The governor's unbelievably clumsy shifts of position have left most of the state convinced that major offenses were committed and even led to some impeachment talk. Preoccupation with the process and the apparent cover-up have all but obliterated meaningful discussion of what ought to be the central question in the whole affair: Just how serious were these offenses?
Frankly, I can't look at all this stuff without feeling a fair amount of sympathy for Ernie Fletcher. Think what it would be like to come in as a Republican governor after seven straight terms of Democratic rule. Every important state job and most of the unimportant ones had gradually migrated into Democratic hands. In the words of longtime Kentucky legislator and Supreme Court Justice Walter Baker--a Republican widely respected by both parties--"For 32 years, there was a neon sign over the Capitol: Republicans need not apply."
But as Republicans saw it, there was a worse problem than that. In the mountains of Appalachia, there are Kentucky counties that have been voting loyally for GOP candidates, win or lose, for the past century and a half. They are 70 to 80 percent Republican; they are also very poor and dependent on state jobs, in the highway department, the hospitals and the welfare offices. In a few of the counties, one out of every seven workers is a state employee. But when a Democrat holds the governorship in Frankfort--and that has been virtually all the time since World War II--the tiny cadre of Democrats in these counties monopolizes all the jobs.
The bottom line is that on the rare occasions when Republicans do break through, the pressure to rectify previous patronage inequities is enormous. It would have been a powerful burden on Fletcher even if he had chosen to play by the rules and avoid blatant patronage hiring.
Of course, as the e-mails show, he did not avoid it. He set people up in all the important state agencies to find jobs for Republicans in every county who had contributed, in dollars or labor, to his 2003 campaign. It was against the law, and he is being punished for it politically.
But how sensible is a law such as Kentucky's in the first place? In my opinion, maybe halfway sensible. That is, people who hold merit- protected jobs (jobs below a policy-making or executive level) are entitled to keep them when control of a state changes hands. Nobody should be laid off as a file clerk for insufficient loyalty to the governor. Fletcher's people did that in a few instances, as did Ehrlich's people, apparently, in Maryland. It's unfair, and it should be punished.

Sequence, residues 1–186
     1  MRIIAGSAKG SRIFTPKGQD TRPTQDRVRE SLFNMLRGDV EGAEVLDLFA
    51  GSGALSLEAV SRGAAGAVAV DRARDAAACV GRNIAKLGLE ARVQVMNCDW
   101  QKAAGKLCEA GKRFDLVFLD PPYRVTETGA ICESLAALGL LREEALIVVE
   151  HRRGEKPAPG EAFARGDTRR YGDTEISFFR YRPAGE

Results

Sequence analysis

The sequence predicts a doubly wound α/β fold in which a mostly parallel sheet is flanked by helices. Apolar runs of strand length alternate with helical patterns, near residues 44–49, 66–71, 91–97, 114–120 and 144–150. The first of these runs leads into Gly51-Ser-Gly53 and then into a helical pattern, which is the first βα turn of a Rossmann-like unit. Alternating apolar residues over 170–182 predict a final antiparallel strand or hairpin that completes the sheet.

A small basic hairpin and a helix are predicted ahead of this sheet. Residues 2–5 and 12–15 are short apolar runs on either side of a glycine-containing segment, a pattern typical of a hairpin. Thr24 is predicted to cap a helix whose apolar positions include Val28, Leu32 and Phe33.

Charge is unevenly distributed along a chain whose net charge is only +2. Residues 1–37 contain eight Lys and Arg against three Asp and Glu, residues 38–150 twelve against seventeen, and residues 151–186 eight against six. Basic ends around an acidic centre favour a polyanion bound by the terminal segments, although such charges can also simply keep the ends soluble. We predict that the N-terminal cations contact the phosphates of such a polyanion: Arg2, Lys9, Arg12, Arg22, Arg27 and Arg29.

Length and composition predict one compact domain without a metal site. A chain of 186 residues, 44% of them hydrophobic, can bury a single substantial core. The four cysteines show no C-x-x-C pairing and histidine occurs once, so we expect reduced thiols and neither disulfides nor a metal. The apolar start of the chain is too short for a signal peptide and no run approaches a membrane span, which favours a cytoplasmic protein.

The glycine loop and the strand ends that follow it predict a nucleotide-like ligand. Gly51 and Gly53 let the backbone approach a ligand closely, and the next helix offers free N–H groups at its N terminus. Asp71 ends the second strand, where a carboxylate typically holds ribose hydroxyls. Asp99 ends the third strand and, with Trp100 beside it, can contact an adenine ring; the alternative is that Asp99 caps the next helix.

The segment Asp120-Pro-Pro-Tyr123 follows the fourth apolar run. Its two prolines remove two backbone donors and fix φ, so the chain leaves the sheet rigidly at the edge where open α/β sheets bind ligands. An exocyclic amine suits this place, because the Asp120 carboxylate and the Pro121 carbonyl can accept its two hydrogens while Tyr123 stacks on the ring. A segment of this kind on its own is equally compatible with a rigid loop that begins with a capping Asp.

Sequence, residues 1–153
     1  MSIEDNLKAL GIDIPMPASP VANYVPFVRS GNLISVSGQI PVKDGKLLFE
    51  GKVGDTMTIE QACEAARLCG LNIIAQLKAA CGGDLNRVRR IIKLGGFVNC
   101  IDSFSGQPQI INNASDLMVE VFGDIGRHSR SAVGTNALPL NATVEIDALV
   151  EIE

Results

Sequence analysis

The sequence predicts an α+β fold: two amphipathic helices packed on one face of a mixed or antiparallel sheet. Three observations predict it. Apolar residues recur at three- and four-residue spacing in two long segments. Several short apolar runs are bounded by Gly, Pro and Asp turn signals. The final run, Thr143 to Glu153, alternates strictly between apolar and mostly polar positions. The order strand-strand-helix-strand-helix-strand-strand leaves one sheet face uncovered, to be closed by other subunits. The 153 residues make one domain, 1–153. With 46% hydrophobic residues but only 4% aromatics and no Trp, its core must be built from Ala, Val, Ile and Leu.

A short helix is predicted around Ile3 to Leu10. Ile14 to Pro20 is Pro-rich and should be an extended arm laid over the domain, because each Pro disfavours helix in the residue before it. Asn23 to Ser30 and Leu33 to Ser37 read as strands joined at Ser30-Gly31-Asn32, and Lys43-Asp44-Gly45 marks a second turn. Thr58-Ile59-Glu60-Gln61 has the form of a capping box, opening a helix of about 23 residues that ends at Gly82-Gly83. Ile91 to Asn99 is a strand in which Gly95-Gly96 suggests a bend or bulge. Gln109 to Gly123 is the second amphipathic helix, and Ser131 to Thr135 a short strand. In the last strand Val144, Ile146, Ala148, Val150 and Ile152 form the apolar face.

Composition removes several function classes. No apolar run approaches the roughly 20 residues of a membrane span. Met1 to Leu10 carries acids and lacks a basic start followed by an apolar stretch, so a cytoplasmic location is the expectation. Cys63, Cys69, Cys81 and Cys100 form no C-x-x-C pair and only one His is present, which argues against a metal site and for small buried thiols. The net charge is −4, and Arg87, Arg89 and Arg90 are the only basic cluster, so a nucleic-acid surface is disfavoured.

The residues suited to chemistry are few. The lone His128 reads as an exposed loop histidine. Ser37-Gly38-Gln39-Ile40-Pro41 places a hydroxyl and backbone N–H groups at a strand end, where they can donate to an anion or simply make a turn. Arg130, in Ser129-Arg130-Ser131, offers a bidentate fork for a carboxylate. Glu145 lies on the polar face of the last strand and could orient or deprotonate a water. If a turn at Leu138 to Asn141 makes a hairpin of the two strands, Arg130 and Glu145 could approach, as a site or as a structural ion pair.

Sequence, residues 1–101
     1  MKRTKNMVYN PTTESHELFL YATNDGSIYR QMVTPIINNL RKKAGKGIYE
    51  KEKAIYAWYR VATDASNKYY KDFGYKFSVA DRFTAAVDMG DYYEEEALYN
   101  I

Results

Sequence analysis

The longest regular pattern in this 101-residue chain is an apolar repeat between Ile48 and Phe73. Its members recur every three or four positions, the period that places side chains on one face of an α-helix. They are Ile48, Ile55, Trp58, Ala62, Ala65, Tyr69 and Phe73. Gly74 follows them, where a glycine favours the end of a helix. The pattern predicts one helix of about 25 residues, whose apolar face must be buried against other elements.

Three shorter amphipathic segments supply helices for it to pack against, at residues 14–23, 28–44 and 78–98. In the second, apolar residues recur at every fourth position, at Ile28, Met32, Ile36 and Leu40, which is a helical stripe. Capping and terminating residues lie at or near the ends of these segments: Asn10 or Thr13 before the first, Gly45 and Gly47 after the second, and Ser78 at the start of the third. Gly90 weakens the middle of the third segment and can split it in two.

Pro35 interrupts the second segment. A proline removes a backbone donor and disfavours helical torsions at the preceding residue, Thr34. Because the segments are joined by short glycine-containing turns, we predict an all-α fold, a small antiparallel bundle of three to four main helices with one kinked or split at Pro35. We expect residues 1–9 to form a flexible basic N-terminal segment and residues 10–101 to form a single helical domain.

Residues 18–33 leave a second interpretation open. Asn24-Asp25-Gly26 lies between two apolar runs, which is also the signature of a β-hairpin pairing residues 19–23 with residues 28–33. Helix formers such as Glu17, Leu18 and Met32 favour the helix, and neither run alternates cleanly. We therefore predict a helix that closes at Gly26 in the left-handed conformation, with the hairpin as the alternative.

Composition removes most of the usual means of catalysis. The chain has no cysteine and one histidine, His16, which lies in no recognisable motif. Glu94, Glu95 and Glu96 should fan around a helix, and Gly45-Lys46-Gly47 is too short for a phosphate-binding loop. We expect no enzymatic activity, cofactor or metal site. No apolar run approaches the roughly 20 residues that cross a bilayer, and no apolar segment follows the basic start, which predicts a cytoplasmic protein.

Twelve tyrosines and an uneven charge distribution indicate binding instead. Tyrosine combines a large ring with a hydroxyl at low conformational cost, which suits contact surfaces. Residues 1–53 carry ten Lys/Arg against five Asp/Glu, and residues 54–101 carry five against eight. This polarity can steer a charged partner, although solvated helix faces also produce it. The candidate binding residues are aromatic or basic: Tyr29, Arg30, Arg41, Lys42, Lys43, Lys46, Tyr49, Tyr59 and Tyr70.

But what about vacant positions? Does a new administration have the right to fill those jobs on the basis of partisan allegiance? Well, you may feel that all jobs should be awarded on the basis of qualification--period--and not politics. That's what the Kentucky law says. It's also what the U.S. Supreme Court has ruled.
But all you have to do is think for a minute to realize how silly that is. Granted, at the top of the employment pyramid, it's possible to delineate some criteria that make one candidate for assistant commissioner better qualified than another. That's not true for the vast majority of jobs in a state transportation department. Barring an occasional example of stark incompetence, one person can do the job as well as another. There's no such thing as "best qualified."
In the words of President Andrew Jackson, who believed in patronage and practiced it, the majority of government duties are "so plain and simple that men of intelligence may readily qualify themselves for their performance." That was true in the U.S. Treasury Department in 1830, and it was true of the Highway Department in Knox County, Kentucky, in 2003. If a new governor comes in and wants to fill routine jobs with his own loyalists--people, in many cases, who have spent months at little reward helping him win election--how exactly does the public good suffer?
Fletcher's "disciples" broke the law, and the law should be invoked. But as Charles Dickens wrote in "Oliver Twist," sometimes "the law is an ass." I think it pretty much is in this case.
Even so, the whole situation calls up a couple of meaningful lessons that future governors ought to learn, especially if they are ending a long drought for their party. One is not to make extravagant promises of purity during the campaign--Fletcher vowing to "clean up the mess in Frankfort, or Ehrlich talking about a "culture of corruption," or Blagojevich promising an end to "business as usual." Those nearly always turn out to be embarrassments before too long.